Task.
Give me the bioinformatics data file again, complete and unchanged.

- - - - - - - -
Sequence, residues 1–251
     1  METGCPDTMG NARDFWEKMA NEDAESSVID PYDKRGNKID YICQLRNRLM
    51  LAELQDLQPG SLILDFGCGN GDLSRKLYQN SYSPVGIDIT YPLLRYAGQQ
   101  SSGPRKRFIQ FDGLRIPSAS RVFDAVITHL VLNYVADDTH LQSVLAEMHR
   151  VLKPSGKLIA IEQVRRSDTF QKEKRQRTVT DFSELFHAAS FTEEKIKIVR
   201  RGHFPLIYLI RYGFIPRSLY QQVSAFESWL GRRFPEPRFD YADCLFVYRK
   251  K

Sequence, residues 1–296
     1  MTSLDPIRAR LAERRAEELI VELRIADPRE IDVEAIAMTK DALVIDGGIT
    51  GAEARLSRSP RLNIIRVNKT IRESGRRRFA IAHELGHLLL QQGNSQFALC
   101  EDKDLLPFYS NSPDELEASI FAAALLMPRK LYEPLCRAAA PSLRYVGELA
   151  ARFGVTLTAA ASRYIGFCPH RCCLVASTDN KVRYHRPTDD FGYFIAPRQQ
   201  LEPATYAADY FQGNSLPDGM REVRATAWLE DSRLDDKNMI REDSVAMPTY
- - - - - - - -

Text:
Sequence, residues 1–251
     1  METGCPDTMG NARDFWEKMA NEDAESSVID PYDKRGNKID YICQLRNRLM
    51  LAELQDLQPG SLILDFGCGN GDLSRKLYQN SYSPVGIDIT YPLLRYAGQQ
   101  SSGPRKRFIQ FDGLRIPSAS RVFDAVITHL VLNYVADDTH LQSVLAEMHR
   151  VLKPSGKLIA IEQVRRSDTF QKEKRQRTVT DFSELFHAAS FTEEKIKIVR
   201  RGHFPLIYLI RYGFIPRSLY QQVSAFESWL GRRFPEPRFD YADCLFVYRK
   251  K

Sequence, residues 1–296
     1  MTSLDPIRAR LAERRAEELI VELRIADPRE IDVEAIAMTK DALVIDGGIT
    51  GAEARLSRSP RLNIIRVNKT IRESGRRRFA IAHELGHLLL QQGNSQFALC
   101  EDKDLLPFYS NSPDELEASI FAAALLMPRK LYEPLCRAAA PSLRYVGELA
   151  ARFGVTLTAA ASRYIGFCPH RCCLVASTDN KVRYHRPTDD FGYFIAPRQQ
   201  LEPATYAADY FQGNSLPDGM REVRATAWLE DSRLDDKNMI REDSVAMPTY